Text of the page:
Generic Name: alglucerase (al-GLOO-ser-ase) (Intravenous route)
Medically reviewed by Drugs.com. Last updated on Dec 16, 2020.
Commonly used brand name(s)
In the U.S.
Pharmacologic Class: Enzyme
Uses for Ceredase
Alglucerase is used to treat Gaucher's disease caused by the lack of a certain enzyme, glucocerebrosidase, in the body. This enzyme is necessary for your body to use fats.
Alglucerase is made from human placenta tissue that is collected after a baby is born. Before it is used, the tissue is tested for hepatitis and human immunodeficiency virus (HIV). This is similar to the testing that a blood bank does on donated blood before it is given to anyone else.
Alglucerase is available with your doctor's prescription.
Before using Ceredase
In deciding to use a medicine, the risks of taking the medicine must be weighed against the good it will do. This is a decision you and your doctor will make. For this medicine, the following should be considered:
Tell your doctor if you have ever had any unusual or allergic reaction to this medicine or any other medicines. Also tell your health care professional if you have any other types of allergies, such as to foods, dyes, preservatives, or animals. For non-prescription products, read the label or package ingredients carefully.
This medicine has been tested in a limited number of children. In effective doses, the medicine has not been shown to cause different side effects or problems than it does in adults.
Many medicines have not been studied specifically in older people. Therefore, it may not be known whether they work exactly the same way they do in younger adults or if they cause different side effects or problems in older people. There is no specific information comparing use of alglucerase in the elderly with use in other age groups.
There are no adequate studies in women for determining infant risk when using this medication during breastfeeding. Weigh the potential benefits against the potential risks before taking this medication while breastfeeding.
Interactions with medicines
Although certain medicines should not be used together at all, in other cases two different medicines may be used together even if an interaction might occur. In these cases, your doctor may want to change the dose, or other precautions may be necessary. Tell your healthcare professional if you are taking any other prescription or nonprescription (over-the-counter [OTC]) medicine.
Interactions with food/tobacco/alcohol
Certain medicines should not be used at or around the time of eating food or eating certain types of food since interactions may occur. Using alcohol or tobacco with certain medicines may also cause interactions to occur. Discuss with your healthcare professional the use of your medicine with food, alcohol, or tobacco.
Proper use of Ceredase
This medicine will not cure Gaucher's disease but it does help control it. Therefore, you must continue to receive it if you expect to keep your condition under control. You may have to receive alglucerase for the rest of your life. If Gaucher's disease is not treated, it can cause serious blood, liver, skeletal, or spleen problems.
The dose of this medicine will be different for different patients. Follow your doctor's orders or the directions on the label. The following information includes only the average doses of this medicine. If your dose is different, do not change it unless your doctor tells you to do so.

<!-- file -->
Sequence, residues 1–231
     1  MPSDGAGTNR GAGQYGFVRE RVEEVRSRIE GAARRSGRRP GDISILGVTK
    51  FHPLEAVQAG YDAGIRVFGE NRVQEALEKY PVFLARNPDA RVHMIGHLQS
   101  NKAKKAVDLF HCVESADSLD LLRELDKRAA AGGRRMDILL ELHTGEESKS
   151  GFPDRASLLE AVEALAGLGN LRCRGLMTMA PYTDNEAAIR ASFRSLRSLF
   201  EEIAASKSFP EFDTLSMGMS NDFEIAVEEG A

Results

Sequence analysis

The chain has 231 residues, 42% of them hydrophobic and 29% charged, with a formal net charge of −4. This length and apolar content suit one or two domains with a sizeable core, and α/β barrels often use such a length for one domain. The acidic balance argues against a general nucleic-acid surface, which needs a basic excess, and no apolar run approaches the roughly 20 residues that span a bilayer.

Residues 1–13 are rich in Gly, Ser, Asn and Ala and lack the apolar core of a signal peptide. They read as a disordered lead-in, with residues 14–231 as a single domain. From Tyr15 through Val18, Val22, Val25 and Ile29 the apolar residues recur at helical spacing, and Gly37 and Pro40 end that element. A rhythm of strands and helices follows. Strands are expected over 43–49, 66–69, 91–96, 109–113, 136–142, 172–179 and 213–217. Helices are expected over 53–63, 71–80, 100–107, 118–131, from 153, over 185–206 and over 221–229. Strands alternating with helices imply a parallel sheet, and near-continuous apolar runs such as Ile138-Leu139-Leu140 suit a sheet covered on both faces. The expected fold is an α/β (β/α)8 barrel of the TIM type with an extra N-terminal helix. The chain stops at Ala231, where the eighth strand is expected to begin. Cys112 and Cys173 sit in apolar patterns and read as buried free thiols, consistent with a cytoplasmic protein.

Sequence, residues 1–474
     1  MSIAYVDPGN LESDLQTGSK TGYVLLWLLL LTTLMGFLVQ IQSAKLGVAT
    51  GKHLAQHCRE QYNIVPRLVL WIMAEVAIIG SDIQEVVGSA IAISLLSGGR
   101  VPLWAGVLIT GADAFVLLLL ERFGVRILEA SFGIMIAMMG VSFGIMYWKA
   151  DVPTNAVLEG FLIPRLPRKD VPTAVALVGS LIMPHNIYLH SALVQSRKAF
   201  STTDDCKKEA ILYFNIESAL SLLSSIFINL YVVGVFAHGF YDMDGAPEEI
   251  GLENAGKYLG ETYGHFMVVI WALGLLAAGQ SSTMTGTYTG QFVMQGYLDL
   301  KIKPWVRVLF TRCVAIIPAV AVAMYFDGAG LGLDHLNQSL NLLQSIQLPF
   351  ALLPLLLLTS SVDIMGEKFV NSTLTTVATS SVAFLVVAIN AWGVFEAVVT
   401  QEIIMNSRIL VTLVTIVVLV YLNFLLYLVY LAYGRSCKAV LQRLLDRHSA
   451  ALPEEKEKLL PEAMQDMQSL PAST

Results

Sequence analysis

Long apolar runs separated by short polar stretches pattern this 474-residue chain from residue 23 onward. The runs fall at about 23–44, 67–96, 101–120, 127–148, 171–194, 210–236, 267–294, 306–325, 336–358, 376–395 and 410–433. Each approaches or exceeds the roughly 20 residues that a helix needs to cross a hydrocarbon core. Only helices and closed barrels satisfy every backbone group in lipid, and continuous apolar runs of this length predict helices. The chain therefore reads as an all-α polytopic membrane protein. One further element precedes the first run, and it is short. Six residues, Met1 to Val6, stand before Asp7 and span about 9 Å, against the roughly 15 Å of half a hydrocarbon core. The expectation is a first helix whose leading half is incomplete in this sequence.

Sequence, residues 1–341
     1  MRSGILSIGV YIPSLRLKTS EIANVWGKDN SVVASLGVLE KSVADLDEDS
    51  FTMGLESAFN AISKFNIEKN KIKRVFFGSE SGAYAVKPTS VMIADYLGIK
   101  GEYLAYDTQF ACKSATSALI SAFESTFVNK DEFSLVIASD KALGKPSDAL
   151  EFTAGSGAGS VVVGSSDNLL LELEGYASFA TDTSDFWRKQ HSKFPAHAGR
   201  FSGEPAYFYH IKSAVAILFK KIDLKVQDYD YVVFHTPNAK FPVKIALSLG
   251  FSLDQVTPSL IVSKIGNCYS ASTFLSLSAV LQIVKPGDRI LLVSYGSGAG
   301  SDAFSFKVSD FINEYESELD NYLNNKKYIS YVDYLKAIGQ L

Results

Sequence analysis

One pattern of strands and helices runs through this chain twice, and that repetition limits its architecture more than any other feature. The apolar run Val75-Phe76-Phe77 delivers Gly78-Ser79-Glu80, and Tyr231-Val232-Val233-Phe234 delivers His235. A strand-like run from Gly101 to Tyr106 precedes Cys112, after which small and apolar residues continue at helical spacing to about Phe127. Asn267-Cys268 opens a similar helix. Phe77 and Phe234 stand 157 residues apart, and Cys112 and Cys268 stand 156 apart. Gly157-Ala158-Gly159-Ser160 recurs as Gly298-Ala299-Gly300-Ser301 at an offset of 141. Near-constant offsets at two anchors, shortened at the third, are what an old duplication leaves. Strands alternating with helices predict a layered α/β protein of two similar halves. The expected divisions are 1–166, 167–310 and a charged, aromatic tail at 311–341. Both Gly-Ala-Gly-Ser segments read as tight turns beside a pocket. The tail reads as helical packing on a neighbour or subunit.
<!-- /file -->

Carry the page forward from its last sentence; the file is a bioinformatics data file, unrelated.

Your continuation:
The amount of medicine that you take depends on the strength of the medicine. Also, the number of doses you take each day, the time allowed between doses, and the length of time you take the medicine depend on the medical problem for which you are using the medicine.
- For Gaucher's disease:
- For injection dosage form:
- Adults and children—The dose is based on body weight. It is injected slowly into a vein over one to two hours. To start, some patients may receive 1.15 Units per kilogram (kg) (0.52 Units per pound) of body weight three times a week. Other patients may receive up to 60 Units per kg (27 Units per pound) of body weight as often as once a week or as seldom as every four weeks. Later, your doctor may raise or lower your dose.
- For injection dosage form:
Precautions while using Ceredase
It is important that your doctor check your progress while you are receiving alglucerase to make sure that the dosage is correct for you.
Ceredase side effects
Since alglucerase is made from human tissue, it is possible that diseases caused by viruses could be passed on. Examples of such diseases are hepatitis and HIV infection. These problems have not been reported to date, however, and are unlikely since the tissue is tested before being used. If you have questions or concerns about this, check with your doctor.
Along with its needed effects, a medicine may cause some unwanted effects. Although not all of these side effects may occur, if they do occur they may need medical attention.
Some side effects may occur that usually do not need medical attention. These side effects may go away during treatment as your body adjusts to the medicine. Also, your health care professional may be able to tell you about ways to prevent or reduce some of these side effects. Check with your health care professional if any of the following side effects continue or are bothersome or if you have any questions about them:
- Abdominal discomfort
- nausea and vomiting
- swelling at place of injection
Other side effects not listed may also occur in some patients. If you notice any other effects, check with your healthcare professional.
Call your doctor for medical advice about side effects. You may report side effects to the FDA at 1-800-FDA-1088.
More about Ceredase (alglucerase)
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